Are you Abby D Laatsch?

Claim your profile

Publications (4)5.56 Total impact

  • Source
    [Show abstract] [Hide abstract]
    ABSTRACT: As part of a Microbial Observatory of Caterpillars located in the Area de Conservacíon Guanacaste (ACG) in northwestern Costa Rica, we isolated a novel species of the genus Vannella associated with the food of the caterpillars of the saturniid moth Rothschildia lebeau, namely the leaves of the dry forest deciduous tree Spondias mombin (Anacardiaceae). The new species can be distinguished from other described species of the genus by the presence of a plasmalemma coated with a thickened, osmiophilic lamina containing glycostyles, and by its unusual habitat, the leaf surfaces or phylosphere of S. mombin. We further established the novelty of our isolate by sequencing its nuclear small-subunit (SSU) rRNA gene and inferring its phylogenetic position among all other currently sequenced members of the genera Vannella and Platyamoeba. Our results reveal that our isolate shares most recent common ancestry with three strains of Platyamoeba placida, the type species of the genus Platyamoeba. Despite this placement, the isolate clearly possesses glycostyles that are the hallmark of the genus Vannella. In addition to the cultured isolate, we also present a closely related sequence from a SSU rRNA gene clone library constructed from a DNA extract of leaf-wash of S. mombin with sterile water.
    Journal of Eukaryotic Microbiology 01/2006; 53(6):522-30. · 2.16 Impact Factor
  • Source
    [Show abstract] [Hide abstract]
    ABSTRACT: Author Posting. © American Geophysical Union, 2006. This article is posted here by permission of American Geophysical Union for personal use, not for redistribution. The definitive version was published in Journal of Geophysical Research 111 (2006): G03013, doi:10.1029/2005JG000121. The 18S ribosomal DNA (rDNA) sequences of haptophyte algae were successfully amplified using the polymerase chain reaction (PCR) from water filtrate, surface sediments, and a late-Holocene sediment sample (∼1000 years old) from a group of lakes in the Søndre Strømfjord region of west Greenland. The DNA of the algal primary producer is extremely well preserved in the laminated lake sediments which have been deposited in cold (1°–2°C), anoxic, and sulphidic bottom water. Phylogenetic analyses of the Greenland haptophyte rDNA sequences suggest that alkenones in the Greenland lake sediments are produced by haptophyte algae of the class Prymnesiophyceae. The 18S rDNA sequences from the Greenland samples cluster within a distinct phylotype, differing from both marine haptophytes and from those reported previously from Ace Lake, Antarctica. The similarity of haptophyte rDNA sequences among all samples in this study suggests a single alkenone-based temperature calibration may be applied to these lakes for at least the past 1000 years. These sedimentary archives hold great promise for high-resolution, alkenone-based paleotemperature reconstruction of southern west Greenland, a region sensitive to atmospheric-oceanic climate phenomena such as the North Atlantic Oscillation (NAO). This work was supported by grants from the National Science Foundation (NSF0081478, 0318050, 0318123, 0402383, 0520718), NASA (NAG5-10665, NNG04GJ34G) and the American Chemical Society, Petroleum Research Fund (ACS-PRF38878-AC2) to Y. Huang.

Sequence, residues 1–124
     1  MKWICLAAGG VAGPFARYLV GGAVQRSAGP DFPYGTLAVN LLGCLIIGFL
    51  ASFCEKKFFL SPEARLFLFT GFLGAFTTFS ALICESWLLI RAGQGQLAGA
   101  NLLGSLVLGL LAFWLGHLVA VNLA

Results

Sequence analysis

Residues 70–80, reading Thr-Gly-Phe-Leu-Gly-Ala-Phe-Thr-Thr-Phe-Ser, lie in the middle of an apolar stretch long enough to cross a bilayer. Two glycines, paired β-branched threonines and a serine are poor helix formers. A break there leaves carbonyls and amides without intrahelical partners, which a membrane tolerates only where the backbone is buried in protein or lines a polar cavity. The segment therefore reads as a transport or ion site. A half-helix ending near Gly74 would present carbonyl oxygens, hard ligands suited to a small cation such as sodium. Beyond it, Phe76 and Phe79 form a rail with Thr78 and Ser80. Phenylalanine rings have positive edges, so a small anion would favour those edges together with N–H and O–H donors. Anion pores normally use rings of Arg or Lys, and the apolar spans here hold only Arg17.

01/2006;
  • Journal of Eukaryotic Microbiology 03/2005; 52(2):107-15. · 2.16 Impact Factor
  • Source
    [Show abstract] [Hide abstract]
    ABSTRACT: Spain's Rio Tinto, or Red River, an example of an extremely acidic (pH 1.7-2.5) environment with a high metal content, teems with prokaryotic and eukaryotic microbial life. Our recent studies based on small-subunit rRNA genes reveal an unexpectedly high eukaryotic phylogenetic diversity in the river when compared to the relatively low prokaryotic diversity. Protists can therefore thrive in and dominate extremely acidic, heavy-metal-laden environments. Further, because we have discovered protistan acidophiles closely related to neutrophiles, we can hypothesize that the transition from neutral to acidic environments occurs rapidly over geological time scales. How have these organisms adapted to such environments? We are currently exploring the alterations in physiological mechanisms that might allow for growth of eukaryotic microbes at acid extremes. To this end, we are isolating phylogenetically diverse protists in order to characterize and compare ion-transporting ATPases from cultured acidophiles with those from neutrophilic counterparts. We predict that special properties of these ion transporters allow protists to survive in the Rio Tinto.
    Biological Bulletin 05/2003; 204(2):205-9. · 1.23 Impact Factor